This protégé of Sulla’s was born September 29, 106 BC in Picenum to Gnaeus Pompeius Strabo. Strabo was a wealthy man who fought under Sulla against Marius and the first to earn consulship among his gens Pompeii. His loyal troops would later follow Pompey the Great who spent his childhood following his father on his military expeditions.
By the time Pompey was 17, he held a command and his staff officer was Marcus Tullius Cicero. Upon the death of Pompey Strabo and his return from the first Mithridatic War, Sulla found the younger Pompey and his father’s three legions helpful in controlling the city and so married Pompey to his stepdaughter in 83 BC; it was the first of his many politically minded marriages. In 82-81, Sulla sent Pompey to secure Sicily and thereby secure Rome’s grain supply. From Sicily, he continued the fighting into Africa where he held a number of victories. Upon conclusion, he demanded a triumph to which Sulla agreed. Therefore, at the young age of 25 Pompey was awarded the cognomen Magnus and earned his first triumph heralding his great future ahead.
In 76, Pompey demanded proconsular imperium to fight against a Marian general, Sertorius, who was stirring up the Hispania province. Pompey joined Metellus Pius against Sertorius, but only defeated the troops when Sertorius was murdered in 71. He quickly moved his troops back to Italy to finish up the crushing of Spartacus’ rebellion which took the credit for the victory away from Crassus who had destroyed the majority of the revolting slaves. Following this victory, Pompey was elected junior co-consul with Crassus for 70 BC at the young age of 35.
Three years later, in 67 BC, the Senate granted Pompey a special task-force to eliminate the pirate threat in the Mediterranean. This appointment included imperium greater than any other general in the East had. Fears that Pompey would become power-hungry and become the next Sulla were well founded; his ability to administrate provinces and his military genius combined with his great imperium were the makings for another tyrant. Pompey finished his pirate campaign within three months. The senate then conferred on him power to fight Mithridates in the Third Mithridatic war. While many senators were wary of his power, in the senate both missions Caesar heartily supported. During this expedition, Pompey would reorganize the east and annex a large portion of Asia for Rome under his control. He went on to capture Jerusalem and defeated both the king of Armenia and the king of Syria. He expanded Rome’s power in the east to limits which would remain largely unchanged throughout the empire.
In 62, Pompey returned to Rome wanting both a third triumph and to run for consul by postponing consular elections for the day after his triumph. Cato opposed this dual celebration and fought Pompey’s enormous power. He forced Pompey to choose the triumph over a second consulship. This triumph was the largest to date, and encompassed two days of celebration. Following the triumph, he dismissed his troops which alleviated senators worries and began working behind the scenes of the Senate attempting to pass laws which would grant his veterans public land. However, Clodius and others frustrated each move he seemed to make so he turned to Caesar and Crassus who offered stronger political positioning.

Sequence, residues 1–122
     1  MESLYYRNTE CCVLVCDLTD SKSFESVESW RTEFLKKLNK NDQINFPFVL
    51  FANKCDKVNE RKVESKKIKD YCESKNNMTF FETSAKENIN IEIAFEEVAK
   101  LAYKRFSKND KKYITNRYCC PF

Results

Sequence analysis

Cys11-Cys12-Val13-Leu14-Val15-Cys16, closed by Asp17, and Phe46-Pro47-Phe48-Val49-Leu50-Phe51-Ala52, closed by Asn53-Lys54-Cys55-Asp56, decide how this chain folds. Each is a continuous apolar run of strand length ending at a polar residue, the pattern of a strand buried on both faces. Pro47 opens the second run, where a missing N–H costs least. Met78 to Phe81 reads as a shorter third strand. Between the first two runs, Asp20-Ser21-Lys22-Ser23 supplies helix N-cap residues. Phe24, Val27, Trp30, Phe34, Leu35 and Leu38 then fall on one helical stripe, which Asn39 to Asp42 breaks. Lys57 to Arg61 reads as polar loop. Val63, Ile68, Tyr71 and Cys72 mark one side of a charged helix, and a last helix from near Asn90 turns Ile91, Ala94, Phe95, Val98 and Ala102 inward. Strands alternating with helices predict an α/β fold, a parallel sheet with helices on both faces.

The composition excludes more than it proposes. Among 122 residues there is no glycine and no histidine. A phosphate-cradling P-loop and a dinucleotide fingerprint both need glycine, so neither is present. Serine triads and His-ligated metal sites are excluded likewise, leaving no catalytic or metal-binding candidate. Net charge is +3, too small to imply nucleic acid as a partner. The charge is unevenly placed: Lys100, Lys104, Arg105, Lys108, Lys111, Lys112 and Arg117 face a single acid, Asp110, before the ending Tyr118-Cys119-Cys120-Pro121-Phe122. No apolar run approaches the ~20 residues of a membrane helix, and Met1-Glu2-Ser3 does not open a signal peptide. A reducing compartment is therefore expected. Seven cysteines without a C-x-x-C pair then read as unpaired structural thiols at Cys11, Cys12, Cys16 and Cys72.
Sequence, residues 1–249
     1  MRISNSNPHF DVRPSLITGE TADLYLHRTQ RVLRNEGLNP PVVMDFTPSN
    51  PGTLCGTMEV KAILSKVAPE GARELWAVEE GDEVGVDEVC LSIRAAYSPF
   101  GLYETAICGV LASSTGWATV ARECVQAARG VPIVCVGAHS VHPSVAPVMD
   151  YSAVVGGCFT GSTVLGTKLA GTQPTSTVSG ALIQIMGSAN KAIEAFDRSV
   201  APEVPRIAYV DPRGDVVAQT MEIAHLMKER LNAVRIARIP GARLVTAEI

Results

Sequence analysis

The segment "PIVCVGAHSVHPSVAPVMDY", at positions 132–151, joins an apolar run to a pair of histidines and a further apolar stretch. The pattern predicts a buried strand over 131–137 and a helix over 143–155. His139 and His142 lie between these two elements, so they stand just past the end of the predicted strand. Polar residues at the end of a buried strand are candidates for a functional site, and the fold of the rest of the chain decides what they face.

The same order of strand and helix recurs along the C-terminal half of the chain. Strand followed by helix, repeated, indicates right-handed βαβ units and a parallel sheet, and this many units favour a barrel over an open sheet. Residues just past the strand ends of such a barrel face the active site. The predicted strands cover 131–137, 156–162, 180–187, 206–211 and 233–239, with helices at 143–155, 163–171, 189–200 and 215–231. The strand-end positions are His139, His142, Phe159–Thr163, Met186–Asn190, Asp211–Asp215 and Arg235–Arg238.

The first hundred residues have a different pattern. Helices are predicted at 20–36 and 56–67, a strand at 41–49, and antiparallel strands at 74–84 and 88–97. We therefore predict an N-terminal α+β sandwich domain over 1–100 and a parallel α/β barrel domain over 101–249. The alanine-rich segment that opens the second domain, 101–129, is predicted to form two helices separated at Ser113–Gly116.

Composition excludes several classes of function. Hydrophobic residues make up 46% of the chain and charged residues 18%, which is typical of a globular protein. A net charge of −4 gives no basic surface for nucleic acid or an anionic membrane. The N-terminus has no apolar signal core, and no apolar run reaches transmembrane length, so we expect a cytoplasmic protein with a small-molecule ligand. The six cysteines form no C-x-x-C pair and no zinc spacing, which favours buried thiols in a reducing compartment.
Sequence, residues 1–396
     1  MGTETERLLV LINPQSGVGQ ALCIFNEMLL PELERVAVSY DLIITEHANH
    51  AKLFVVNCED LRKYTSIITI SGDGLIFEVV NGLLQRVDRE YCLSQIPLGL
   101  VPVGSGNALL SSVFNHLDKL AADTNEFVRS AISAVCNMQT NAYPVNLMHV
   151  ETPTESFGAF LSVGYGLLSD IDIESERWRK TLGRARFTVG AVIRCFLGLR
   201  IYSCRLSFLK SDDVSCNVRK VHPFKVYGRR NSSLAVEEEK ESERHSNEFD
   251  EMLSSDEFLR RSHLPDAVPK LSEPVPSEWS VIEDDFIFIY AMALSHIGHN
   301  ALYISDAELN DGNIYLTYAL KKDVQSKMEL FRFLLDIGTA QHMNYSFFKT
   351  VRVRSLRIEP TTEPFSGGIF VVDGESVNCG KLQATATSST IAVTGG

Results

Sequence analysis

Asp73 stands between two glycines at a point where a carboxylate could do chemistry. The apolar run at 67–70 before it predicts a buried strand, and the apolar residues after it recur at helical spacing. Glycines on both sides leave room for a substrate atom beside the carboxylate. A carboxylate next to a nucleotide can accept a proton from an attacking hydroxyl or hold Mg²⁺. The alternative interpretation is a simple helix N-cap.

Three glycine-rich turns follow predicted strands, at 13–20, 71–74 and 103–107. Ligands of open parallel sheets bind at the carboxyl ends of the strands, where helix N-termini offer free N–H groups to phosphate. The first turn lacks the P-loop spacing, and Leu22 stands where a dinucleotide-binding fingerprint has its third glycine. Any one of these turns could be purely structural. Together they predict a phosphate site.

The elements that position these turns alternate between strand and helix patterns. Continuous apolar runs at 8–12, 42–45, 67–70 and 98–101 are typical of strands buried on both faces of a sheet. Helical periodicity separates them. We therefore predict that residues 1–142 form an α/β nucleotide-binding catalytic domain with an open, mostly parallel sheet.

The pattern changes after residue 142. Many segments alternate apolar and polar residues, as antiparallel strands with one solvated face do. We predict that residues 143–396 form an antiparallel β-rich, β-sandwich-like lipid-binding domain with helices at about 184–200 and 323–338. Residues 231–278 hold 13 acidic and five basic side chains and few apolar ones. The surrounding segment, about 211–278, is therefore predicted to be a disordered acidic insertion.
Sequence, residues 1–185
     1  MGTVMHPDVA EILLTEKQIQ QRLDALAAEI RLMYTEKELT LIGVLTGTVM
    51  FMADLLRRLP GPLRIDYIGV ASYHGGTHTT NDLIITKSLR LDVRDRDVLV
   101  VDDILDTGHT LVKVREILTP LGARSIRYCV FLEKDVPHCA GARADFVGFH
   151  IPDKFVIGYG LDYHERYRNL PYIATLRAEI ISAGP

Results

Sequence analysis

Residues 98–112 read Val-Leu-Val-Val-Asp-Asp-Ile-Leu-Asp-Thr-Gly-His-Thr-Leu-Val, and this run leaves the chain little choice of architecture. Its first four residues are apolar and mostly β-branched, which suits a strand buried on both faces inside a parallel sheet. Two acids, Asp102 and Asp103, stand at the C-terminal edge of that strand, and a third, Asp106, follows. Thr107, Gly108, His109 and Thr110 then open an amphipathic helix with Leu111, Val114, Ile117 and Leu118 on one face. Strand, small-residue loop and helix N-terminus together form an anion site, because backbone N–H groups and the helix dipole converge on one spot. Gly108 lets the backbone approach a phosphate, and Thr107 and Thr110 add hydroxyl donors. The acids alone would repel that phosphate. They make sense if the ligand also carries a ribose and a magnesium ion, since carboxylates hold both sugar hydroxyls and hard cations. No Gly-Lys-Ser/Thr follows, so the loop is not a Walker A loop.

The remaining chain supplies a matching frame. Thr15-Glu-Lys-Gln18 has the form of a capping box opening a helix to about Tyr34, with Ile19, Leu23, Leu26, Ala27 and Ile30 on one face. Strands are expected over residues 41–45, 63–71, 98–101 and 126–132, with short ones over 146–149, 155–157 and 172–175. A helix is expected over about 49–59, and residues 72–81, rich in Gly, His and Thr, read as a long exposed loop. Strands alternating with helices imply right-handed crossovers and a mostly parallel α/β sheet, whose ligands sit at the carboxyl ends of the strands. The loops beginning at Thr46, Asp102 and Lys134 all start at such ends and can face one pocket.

Around 60 BC, it forced the three men into the first triumvirate to accomplish their individual motives. In 59 BC, Caesar was elected consul and Pompey’s land grants were given to him as was a new wife, Caesar’s daughter Julia. He was granted the province Hispania Ulterior which he administrated through his underlings while he administered the grain supply in Rome. However, the political scene in Rome grew tense following Cicero’s exile.
In 55 BC, the political collusion between the three great men was disintegrating, it took great skill and even more money to secure Pompey and Crassus a second consulship. A year later, Julia died in childbirth and the Parthians at the battle of Carrhae soundly defeated Crassus. The senate started to see Pompey as the lesser of two evils, and when Caesar offered Pompey a second marriage he refused and instead married Cornelia in 52, the daughter of Caesar’s great personal enemy Metellus Scipio. While Caesar was away fighting Vercingetorix, Pompey created several laws which made prosecution for bribery effective retroactively and one in which one could not stand for consulship in absentia. It was an attack against Caesar, and finally in 51 Pompey made sure Caesar knew he would be unable to stand for consulship unless he gave up his armies.
When Caesar crossed the Rubicon in 49, effectively declaring war on Rome, Pompey fled first to Brundisium and then to the East hoping to regroup and thinking that Caesar would never dare to follow him. During the siege of Dyrrhachium, Pompey nearly defeated Caesar but failed to press his advantage. The final blow came in 48 at the battle of Pharsalus in Greece. He fled to Egypt with his wife and son where he hoped Ptolemy XIII would receive him favorably. However, Ptolemy saw an opportunity and murdered and decapitated Pompey showing the head to Caesar upon his arrival. Plutarch claims Caesar wept upon seeing the head of his former son-in-law and greatest rival and killed Ptolemy. Strangely, Pompey the Great was killed on his 58th birthday. The senate deified Pompey in 45 BC.